Canby High School trap shooter is a 'little machine'
Before Canby's Issabella Berge could compete in the USA High School Clay Target League National Championship, she had to take an unplanned trip to Wal-Mart.
"They were going to disqualify me for my clothing," says Berge, who was wearing a sleeveless T-shirt and shorts when she was informed her outfit was a "safety hazard."
"I got really mad at that," Berge says. "One boy was wearing American flag overalls with no shirt and he was fine wearing that. No one disqualified him."
Being forced to change her clothing was all the motivation Berge says she needed. Wearing a white T-shirt and nursing scrubs she bought at Wal-Mart, Berge shot four perfect rounds of 25 on July 13 in Mason, Michigan.
Out of 1,800 competitors, she was one of only seven, the rest all boys, to kill all 100 clay targets on day one.
"I was shaking," Berge recalls. "It was insane. It was a miracle. It just sort of happened."
After hitting 90 straight, the crowd began counting down as Berge took aim at the final 10.
"I would have dropped (missed) all 10 of them with the pressure, but she was in the zone," says Issabella's father Trygve. "She was a little machine out there."
Berge, a rising senior at Canby High School, was introduced to trap shooting at age 13 after attending a hunter safety course.
In her first attempt at the sport, Berge hit 19 of 25 targets.
"She's a natural," Trygve says "She's got the eye-hand coordination and sees those birds coming out and crushes them."
In the eighth grade, Berge began working with Ralph Mowatt, a training counselor for the National Rifle Association, and competing in a spring youth league before joining the Canby team in high school.
The clay targets are launched 45 miles per hour from a single trap house machine. A shooter stands 16 yards from the machine as the targets fly in five different directions – soft right, soft left, hard right, hard left and straight.
"I started her out with a semi-automatic shotgun that was taller than she was," says Mowatt of Berge, who is 5 feet tall. "Training was really simple. I made them as hard as possible and she stepped up to the plate and did everything she needed to do. She's unbelievable."
Berge now competes on an over and under 8-pound shotgun with a 32-inch barrel.
While balancing school (Berge plans to graduate a trimester early) and two jobs, she practices with her father every Tuesday and Thursday evening at the Canby Rod & Gun Club.
"It's our time, mine and my dad's," Berge says. "We listen to his music on the way here, ACDC, Def Leopard. It (trap shooting) gives us something to connect on."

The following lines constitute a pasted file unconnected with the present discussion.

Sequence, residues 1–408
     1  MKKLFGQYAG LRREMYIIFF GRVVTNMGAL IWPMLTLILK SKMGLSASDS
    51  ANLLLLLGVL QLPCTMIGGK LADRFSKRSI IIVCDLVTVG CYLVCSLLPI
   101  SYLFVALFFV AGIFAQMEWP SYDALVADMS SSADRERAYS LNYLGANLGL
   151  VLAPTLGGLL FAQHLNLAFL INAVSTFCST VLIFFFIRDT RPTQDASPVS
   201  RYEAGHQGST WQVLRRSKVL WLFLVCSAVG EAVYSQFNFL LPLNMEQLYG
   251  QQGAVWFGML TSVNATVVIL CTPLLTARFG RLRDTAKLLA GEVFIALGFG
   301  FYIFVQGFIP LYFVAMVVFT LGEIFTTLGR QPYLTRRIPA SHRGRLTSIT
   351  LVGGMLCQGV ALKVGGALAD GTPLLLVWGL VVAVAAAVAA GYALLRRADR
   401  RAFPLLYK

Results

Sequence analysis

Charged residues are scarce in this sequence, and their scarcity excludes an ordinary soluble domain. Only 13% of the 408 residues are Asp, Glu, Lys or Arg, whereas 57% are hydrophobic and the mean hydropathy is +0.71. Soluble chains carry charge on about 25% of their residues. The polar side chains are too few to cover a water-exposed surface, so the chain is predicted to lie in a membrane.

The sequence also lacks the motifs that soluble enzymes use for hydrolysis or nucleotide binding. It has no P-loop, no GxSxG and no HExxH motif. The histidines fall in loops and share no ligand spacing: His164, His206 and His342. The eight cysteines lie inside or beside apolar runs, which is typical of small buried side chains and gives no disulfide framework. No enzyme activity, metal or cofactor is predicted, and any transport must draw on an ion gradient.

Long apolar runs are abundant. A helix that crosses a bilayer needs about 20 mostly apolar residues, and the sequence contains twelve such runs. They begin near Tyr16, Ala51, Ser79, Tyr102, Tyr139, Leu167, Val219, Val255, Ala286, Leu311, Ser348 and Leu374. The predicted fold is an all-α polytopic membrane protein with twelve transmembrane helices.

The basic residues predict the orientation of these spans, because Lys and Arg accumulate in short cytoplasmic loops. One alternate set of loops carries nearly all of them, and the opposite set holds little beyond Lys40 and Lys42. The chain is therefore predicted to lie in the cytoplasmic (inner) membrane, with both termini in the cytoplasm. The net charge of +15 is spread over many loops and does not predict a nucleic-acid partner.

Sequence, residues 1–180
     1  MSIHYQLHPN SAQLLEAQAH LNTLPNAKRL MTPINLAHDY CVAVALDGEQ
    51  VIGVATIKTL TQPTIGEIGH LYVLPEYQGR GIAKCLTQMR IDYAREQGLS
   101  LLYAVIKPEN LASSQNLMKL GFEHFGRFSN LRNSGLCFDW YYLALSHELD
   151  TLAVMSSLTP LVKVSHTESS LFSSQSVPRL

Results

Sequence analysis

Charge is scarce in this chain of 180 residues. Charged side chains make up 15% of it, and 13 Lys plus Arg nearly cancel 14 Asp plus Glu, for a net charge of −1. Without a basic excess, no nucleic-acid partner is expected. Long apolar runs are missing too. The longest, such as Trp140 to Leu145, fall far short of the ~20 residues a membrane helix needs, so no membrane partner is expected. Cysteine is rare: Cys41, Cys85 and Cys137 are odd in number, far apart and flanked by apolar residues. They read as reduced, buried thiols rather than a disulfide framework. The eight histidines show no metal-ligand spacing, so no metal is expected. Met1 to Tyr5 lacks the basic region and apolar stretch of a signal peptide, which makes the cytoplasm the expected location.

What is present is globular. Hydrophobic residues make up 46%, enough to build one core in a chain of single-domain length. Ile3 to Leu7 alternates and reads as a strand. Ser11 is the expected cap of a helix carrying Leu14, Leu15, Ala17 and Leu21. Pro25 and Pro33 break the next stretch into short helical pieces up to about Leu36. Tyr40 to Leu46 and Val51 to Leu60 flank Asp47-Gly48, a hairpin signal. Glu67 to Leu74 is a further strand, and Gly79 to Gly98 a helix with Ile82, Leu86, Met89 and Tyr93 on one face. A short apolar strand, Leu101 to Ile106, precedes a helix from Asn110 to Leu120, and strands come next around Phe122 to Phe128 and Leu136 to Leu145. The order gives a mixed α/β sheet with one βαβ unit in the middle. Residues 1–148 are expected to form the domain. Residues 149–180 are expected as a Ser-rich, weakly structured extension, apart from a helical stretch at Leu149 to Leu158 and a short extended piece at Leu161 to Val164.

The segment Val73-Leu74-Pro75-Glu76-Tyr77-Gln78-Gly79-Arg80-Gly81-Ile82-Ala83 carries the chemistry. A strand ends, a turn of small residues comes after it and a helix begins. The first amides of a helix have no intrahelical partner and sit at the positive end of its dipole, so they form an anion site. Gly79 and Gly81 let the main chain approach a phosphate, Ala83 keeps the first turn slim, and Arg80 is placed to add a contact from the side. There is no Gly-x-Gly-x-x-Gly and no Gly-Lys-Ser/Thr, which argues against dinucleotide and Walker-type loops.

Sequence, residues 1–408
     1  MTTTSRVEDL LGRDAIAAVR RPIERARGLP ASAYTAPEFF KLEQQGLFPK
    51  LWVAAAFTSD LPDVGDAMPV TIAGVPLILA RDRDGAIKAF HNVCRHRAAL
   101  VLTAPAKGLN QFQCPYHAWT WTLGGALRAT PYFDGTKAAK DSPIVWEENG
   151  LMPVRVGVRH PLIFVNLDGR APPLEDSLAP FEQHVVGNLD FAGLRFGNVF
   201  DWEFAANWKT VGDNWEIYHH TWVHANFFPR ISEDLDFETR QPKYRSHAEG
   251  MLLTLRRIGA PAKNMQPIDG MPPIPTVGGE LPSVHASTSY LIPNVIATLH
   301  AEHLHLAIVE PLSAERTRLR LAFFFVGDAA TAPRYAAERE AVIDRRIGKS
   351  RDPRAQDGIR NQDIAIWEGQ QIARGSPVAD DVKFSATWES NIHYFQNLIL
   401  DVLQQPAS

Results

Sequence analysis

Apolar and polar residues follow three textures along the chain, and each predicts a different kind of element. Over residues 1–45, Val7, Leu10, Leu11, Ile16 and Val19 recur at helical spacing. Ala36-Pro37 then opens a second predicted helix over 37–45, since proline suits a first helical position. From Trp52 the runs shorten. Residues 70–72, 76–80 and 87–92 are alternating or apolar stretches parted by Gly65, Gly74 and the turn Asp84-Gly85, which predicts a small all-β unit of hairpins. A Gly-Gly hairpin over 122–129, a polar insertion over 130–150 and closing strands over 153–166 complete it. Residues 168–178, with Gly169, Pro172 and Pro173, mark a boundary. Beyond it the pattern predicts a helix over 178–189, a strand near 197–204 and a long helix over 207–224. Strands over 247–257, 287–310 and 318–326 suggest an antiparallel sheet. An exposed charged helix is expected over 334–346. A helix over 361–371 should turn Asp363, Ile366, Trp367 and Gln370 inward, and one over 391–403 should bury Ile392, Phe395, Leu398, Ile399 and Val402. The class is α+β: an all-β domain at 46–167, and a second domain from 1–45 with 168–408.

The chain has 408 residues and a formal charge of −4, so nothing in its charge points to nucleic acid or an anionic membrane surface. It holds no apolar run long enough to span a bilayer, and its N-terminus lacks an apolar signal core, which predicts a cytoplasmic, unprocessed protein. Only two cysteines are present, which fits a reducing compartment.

Trygve has four daughters but Issabella is the only trap shooter.
They tried hunting but Issabella could not do it.
"I can't kill an animal," she says. "I'm a little softy."
Mowatt was not surprised to hear of Berge's success at nationals.
"I wasn't amazed," Mowatt says. "I knew she could do it. She just has that ability. I'm really proud of her. She's a little machine. She gets out there and breaks birds and enjoys life."
Entering the finals of nationals tied for first place, Berge continued her streak by hitting another 25 straight targets.
After shooting a total of 138 in a row over the two days, she finally missed, but then regrouped to hit 96 of 100 in the finals.
"One thing they drill into you here is that when you miss one you have to let it go," Berge says. "Otherwise you're going to miss every single bird after that. If you would have stood next to me with a microphone, you would have heard me curse and then laugh and move on to the next one. It was fine."
Berge's most costly miss came on her final attempt of the tournament. Due to a longest run tiebreaker, Berge finished last of the 14 shooters who posted a 196, which placed her 25th in the nation overall. She was both the top female and top Oregon shooter.
Three girls – Ashleigh Painter, Rebecca Ring and Erin Schultz – killed 194 targets to finish inside the top 60.
"I feel like it's a very male dominated sport and that should change," Berge says. "Clearly there are some girls that are good."
Mowatt, who has trained trap shooters since 1967, believes Berge could compete in the Olympics today.
"She can write her own ticket," he says.
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